Just like its namesake, the Giant Magellan Telescope is all about exploration and discovery. When completed in Chile in 2024, the project will deliver the world’s largest optical
telescope, giving astronomers an unprecedented ability to understand how the first stars,
galaxies and black holes formed.
Originally slated for completion in 2016 but delayed by the global economic crisis, the
project is sponsored by a global consortium of universities and scientific research institutions. They’ve raised half of the telescope’s US$1 billion budget. That price tag makes it
the largest privately funded telescope initiative to date.
The project features another first. It will be about 22 stories tall and rely on the largest
piece of optical equipment ever built: seven massive mirrors each weighing about 17 tons.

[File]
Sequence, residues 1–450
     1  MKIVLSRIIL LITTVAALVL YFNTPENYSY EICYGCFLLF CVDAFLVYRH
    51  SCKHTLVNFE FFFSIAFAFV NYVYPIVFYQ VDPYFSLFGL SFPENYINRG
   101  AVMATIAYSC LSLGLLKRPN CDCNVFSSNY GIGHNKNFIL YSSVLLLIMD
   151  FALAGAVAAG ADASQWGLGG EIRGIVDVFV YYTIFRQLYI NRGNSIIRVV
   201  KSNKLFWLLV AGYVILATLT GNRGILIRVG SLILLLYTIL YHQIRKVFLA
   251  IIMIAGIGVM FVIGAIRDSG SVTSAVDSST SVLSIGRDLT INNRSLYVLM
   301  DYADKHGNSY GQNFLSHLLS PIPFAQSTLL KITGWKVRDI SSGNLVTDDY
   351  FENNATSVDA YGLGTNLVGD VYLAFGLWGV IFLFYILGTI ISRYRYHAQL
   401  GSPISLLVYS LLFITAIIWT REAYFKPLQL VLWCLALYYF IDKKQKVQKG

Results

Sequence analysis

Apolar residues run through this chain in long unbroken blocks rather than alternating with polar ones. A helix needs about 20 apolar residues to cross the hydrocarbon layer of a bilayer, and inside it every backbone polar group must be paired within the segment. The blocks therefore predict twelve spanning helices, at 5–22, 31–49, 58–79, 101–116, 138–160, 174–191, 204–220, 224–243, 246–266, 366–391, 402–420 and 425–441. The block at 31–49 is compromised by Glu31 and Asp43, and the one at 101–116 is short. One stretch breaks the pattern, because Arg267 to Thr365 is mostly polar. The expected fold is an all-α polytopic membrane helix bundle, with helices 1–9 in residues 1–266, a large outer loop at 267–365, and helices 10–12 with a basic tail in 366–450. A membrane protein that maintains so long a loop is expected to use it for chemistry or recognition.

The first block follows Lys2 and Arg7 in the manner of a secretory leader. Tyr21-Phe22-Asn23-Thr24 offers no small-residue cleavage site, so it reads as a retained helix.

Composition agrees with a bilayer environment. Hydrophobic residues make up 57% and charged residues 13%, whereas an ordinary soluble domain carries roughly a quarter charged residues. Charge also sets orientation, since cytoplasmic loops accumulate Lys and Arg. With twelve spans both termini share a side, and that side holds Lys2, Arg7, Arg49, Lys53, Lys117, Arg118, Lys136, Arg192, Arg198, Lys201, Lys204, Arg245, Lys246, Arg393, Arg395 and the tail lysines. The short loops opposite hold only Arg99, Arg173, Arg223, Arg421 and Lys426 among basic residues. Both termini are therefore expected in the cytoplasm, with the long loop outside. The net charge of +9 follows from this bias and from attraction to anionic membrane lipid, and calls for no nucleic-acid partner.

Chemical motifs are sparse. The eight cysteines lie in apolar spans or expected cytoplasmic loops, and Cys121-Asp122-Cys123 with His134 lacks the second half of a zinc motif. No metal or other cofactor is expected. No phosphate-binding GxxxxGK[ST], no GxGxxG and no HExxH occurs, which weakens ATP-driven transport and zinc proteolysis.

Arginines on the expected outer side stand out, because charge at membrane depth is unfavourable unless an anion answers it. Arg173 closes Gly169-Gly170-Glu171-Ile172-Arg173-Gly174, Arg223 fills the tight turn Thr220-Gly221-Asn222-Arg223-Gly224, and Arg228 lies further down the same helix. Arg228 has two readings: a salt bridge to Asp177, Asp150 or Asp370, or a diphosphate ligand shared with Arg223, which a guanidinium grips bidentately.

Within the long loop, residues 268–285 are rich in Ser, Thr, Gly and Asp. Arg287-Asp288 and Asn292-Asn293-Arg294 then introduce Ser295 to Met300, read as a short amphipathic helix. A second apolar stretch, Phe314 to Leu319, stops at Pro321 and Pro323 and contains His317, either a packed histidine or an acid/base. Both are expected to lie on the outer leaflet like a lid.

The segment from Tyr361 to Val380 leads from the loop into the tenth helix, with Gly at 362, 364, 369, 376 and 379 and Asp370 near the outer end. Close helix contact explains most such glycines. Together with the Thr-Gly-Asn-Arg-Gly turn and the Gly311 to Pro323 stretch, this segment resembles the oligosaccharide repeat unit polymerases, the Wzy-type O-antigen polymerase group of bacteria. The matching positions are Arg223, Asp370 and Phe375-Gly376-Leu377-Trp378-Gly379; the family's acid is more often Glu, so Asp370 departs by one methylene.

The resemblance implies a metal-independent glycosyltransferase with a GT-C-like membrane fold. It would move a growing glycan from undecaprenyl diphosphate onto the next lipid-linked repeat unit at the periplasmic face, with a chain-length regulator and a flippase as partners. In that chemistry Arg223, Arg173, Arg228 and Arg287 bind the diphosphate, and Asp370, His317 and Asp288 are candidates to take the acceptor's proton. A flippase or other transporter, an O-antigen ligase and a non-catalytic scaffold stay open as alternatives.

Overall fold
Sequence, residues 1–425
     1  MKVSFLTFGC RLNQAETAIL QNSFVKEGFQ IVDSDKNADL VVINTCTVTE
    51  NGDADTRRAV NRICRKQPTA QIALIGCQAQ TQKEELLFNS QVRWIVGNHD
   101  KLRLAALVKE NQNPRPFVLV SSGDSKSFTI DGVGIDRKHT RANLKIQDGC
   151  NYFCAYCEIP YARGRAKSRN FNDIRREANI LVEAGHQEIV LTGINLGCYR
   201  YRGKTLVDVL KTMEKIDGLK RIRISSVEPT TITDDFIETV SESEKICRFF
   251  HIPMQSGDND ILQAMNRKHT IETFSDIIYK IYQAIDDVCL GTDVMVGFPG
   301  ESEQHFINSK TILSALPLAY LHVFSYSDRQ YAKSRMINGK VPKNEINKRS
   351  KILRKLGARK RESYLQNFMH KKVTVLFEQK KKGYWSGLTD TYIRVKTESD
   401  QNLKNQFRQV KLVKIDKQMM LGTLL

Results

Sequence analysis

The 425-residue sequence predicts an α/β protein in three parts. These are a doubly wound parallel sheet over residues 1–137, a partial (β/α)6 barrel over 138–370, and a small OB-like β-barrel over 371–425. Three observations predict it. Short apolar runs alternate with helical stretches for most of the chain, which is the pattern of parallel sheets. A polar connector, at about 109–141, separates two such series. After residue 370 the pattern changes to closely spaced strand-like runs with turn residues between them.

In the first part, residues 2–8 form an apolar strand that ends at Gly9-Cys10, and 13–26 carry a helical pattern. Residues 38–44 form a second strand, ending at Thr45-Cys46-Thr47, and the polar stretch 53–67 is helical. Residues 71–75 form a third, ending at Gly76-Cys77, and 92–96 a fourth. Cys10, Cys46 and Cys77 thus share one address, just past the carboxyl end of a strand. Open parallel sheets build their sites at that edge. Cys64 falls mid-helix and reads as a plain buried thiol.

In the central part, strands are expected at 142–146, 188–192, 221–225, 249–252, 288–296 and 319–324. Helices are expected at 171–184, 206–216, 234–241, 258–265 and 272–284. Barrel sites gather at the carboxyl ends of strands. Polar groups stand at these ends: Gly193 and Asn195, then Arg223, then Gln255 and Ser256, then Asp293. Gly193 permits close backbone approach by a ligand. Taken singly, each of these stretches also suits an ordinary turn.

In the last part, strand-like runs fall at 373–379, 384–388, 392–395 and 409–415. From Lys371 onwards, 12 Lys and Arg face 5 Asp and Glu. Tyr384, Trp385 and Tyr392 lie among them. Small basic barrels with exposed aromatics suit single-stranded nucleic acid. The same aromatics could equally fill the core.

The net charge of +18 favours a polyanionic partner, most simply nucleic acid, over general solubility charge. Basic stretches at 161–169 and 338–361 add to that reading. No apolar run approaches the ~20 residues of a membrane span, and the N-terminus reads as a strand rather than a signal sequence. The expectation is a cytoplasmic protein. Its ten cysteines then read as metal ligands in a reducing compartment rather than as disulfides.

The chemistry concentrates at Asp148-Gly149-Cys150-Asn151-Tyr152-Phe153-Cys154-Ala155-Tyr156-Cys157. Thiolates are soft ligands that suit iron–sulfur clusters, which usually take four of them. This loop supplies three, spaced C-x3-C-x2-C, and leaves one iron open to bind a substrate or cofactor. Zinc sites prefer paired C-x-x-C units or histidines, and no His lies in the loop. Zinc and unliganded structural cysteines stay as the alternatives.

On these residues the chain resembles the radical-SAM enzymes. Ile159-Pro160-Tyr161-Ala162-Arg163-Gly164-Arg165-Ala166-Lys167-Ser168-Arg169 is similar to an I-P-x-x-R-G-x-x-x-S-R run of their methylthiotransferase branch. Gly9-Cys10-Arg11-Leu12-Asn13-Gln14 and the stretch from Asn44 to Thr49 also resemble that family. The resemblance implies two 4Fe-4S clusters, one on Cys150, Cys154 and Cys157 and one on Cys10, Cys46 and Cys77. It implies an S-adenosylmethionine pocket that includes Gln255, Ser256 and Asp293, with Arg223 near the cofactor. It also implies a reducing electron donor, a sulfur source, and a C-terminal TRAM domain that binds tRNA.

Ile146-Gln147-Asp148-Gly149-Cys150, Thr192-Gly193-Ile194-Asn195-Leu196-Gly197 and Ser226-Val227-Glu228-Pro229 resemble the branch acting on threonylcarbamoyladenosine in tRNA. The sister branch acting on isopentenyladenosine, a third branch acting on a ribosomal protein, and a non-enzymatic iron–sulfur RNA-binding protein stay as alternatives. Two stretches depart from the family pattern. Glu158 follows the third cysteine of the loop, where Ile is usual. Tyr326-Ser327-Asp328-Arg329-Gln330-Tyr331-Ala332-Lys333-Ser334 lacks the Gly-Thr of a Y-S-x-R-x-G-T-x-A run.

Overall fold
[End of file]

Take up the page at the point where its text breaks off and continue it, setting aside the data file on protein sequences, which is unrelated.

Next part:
The surface must be polished to an accuracy of 25 nanometers—about the width of a
single glass molecule.
The project site in the Chilean Andes, Las Campanas, was carefully chosen. One of the
highest and driest places on Earth, it offers extreme conditions that are ideal for viewing the
cosmos. But the location also is one of the most earthquake-prone in the world, so the telescope was designed to withstand the largest possible quake in a 500-year period—making it
possible for scientists to explore the origins of the universe for centuries to come.
PROJECT: Giant Magellan Telescope
BUDGET: US$1 billion
CONSTRUCTION SCHEDULE: 2015-2024
SHARPER IMAGE: The telescope will
produce images with 10 times the angular
resolution of those produced by NASA’s
orbiting Hubble Space Telescope.
“About seven to 10 years from now,
there will be observational capabilities
that are completely unprecedented.”